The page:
Advance tax, as the name suggests, is nothing but taxes paid in advance on the estimated annual income. Advance tax, along with tax deducted at source (TDS) and self-assessment tax, constitute the three means by which income taxes are collected by the government. Since the government machinery needs constant flow of funds, it cannot wait till the year end for tax payers to compute their income and then pay taxes, hence the provisions for advance tax forms part of the Income Tax Act.
Advance tax needs to be paid by all individuals, irrespective of whether they are consultants, businessmen or salaried. However, the liability to pay advance tax arises only if the tax payable (after taking the benefit of TDS and other prescribed credits) is Rs 10,000 or more.
Individuals need to pay advance tax in three installments. To illustrate, if the tax on total estimated income for the year is Rs 1,00,000 and taxes estimated to be deducted at source from this income is Rs 60,000, the amount payable as advance tax would be Rs 40,000.
Failure to pay or any delay in payment of advance tax as above attracts mandatory interest of 1% per month.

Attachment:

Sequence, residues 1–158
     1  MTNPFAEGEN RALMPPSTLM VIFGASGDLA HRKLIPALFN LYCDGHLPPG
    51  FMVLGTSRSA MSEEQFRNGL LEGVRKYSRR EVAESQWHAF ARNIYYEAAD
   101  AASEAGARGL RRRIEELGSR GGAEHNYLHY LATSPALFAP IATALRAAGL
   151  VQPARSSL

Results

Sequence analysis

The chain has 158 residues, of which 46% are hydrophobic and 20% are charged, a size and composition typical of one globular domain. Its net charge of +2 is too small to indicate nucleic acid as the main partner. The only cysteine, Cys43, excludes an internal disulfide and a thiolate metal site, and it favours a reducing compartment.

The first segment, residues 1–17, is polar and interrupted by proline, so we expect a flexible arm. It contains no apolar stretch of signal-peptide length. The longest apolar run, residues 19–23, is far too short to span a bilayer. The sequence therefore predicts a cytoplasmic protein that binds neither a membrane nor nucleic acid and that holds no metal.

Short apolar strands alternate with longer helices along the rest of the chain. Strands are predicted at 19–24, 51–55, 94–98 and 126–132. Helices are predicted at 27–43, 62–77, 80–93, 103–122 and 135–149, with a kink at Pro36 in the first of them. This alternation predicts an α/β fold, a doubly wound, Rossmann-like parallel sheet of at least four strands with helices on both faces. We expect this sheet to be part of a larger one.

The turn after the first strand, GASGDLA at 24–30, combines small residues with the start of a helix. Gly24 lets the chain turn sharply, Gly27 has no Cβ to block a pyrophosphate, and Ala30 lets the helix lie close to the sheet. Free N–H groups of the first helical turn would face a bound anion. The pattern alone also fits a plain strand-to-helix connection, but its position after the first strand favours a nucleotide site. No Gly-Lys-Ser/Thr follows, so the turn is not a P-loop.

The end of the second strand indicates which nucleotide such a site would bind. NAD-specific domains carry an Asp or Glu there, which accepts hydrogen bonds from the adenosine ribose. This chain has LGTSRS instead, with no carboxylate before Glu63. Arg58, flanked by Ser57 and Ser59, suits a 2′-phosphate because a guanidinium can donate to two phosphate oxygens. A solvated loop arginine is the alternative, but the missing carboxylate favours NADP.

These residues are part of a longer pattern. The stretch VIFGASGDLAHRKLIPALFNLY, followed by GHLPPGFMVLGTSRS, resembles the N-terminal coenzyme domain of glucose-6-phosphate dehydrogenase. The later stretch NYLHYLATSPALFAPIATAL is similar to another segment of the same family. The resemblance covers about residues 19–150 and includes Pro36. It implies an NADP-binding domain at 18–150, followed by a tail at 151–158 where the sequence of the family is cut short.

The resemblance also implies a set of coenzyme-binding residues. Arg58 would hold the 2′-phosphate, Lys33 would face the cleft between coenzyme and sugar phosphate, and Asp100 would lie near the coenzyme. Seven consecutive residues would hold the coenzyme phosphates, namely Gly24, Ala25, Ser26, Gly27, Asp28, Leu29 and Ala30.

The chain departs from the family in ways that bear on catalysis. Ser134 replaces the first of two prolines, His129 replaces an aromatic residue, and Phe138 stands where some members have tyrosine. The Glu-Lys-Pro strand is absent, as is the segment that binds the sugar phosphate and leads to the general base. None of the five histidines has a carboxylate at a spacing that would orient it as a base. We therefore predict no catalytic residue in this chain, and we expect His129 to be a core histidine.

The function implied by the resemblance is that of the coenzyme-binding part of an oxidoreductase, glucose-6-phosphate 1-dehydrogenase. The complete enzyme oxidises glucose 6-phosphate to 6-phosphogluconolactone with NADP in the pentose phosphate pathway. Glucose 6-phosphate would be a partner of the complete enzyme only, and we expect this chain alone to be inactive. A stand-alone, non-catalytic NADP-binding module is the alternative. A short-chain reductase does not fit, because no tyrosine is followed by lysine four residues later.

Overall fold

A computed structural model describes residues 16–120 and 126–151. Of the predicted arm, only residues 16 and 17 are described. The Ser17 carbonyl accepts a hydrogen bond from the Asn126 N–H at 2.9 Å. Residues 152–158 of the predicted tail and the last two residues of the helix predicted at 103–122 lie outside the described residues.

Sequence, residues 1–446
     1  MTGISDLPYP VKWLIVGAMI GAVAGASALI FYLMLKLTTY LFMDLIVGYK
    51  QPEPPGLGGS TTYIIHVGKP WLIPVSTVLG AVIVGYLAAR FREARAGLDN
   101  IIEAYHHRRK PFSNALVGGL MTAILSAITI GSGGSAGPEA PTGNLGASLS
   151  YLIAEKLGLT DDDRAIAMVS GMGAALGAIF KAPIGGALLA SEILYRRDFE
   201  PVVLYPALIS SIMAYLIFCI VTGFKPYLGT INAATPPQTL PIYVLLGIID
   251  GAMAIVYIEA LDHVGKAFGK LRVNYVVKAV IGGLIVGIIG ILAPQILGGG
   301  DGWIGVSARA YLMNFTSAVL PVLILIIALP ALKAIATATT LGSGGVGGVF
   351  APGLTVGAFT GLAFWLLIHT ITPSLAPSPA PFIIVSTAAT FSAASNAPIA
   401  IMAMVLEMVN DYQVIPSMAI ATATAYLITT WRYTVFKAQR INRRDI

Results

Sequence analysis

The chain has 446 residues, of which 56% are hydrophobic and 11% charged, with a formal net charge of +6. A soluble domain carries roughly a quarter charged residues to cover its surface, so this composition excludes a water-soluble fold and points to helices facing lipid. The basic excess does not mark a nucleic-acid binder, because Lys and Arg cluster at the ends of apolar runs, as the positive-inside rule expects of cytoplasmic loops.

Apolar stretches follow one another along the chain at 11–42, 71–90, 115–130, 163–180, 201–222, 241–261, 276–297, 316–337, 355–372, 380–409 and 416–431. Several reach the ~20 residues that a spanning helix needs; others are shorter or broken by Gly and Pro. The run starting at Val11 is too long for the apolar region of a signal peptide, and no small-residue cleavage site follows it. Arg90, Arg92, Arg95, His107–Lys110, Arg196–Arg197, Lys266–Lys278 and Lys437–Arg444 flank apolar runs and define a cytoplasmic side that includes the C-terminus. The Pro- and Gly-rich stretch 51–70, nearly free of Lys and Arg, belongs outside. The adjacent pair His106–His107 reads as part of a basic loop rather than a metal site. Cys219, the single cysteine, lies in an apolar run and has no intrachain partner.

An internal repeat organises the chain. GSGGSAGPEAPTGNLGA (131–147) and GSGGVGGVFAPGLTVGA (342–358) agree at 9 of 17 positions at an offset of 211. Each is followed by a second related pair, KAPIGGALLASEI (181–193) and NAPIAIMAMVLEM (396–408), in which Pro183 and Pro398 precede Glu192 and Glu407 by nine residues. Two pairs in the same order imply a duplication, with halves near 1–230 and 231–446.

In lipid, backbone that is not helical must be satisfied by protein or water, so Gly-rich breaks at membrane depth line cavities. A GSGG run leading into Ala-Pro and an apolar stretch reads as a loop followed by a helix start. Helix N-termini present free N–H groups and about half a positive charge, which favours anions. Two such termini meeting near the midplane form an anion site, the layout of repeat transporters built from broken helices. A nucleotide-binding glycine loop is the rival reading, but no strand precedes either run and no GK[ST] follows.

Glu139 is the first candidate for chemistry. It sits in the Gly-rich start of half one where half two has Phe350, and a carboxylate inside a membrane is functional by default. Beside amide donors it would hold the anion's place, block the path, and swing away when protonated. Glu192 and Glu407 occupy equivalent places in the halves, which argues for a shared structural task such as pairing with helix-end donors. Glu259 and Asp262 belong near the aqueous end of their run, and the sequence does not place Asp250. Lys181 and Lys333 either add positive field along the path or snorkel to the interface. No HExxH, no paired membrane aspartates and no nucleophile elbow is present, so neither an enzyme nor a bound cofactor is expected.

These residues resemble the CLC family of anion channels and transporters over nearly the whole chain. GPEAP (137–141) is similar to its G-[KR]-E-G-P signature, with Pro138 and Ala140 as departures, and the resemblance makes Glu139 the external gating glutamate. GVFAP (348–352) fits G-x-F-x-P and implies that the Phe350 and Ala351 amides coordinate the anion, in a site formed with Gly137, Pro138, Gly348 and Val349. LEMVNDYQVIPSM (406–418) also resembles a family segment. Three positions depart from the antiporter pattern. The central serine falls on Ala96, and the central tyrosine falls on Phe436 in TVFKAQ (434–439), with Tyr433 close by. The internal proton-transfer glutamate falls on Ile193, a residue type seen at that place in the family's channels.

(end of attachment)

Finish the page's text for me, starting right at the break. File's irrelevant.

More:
In case of a salaried individual having no other sources of income, there is normally no need to worry on advance tax because his employer is obliged to deduct tax (payable on salary income after considering the deductions on account of investments) at source on his full salary.
The individual also has the option to declare any other income, for example rental income or capital gains, to his employer if he wants that income to be considered for deducting tax from his salary.
This saves the individual from the hassle of keeping track of the advance tax deadlines.
However, in case of an individual, having worked with two or more employers during the year, either parallel or sequentially, there may arise a situation that even in absence of any other income, the individual may be required to pay advance tax on his salary income.
This happens when, in absence of the details of salary earned from the other employer, the benefit of slab (Rs 160,000 for male, Rs 190,000 for resident female and Rs 225,000 for senior citizen) is allowed by each employer separately.
At the time of final income and tax computation, where the benefit of slab is taken only once, some tax may become payable which will need to be paid as self-assessment tax before filing the return.
To conclude, salaried people who have switched jobs during the year should furnish the required income details to their subsequent employers so that correct taxes are deducted and there are no shortfalls at the year end.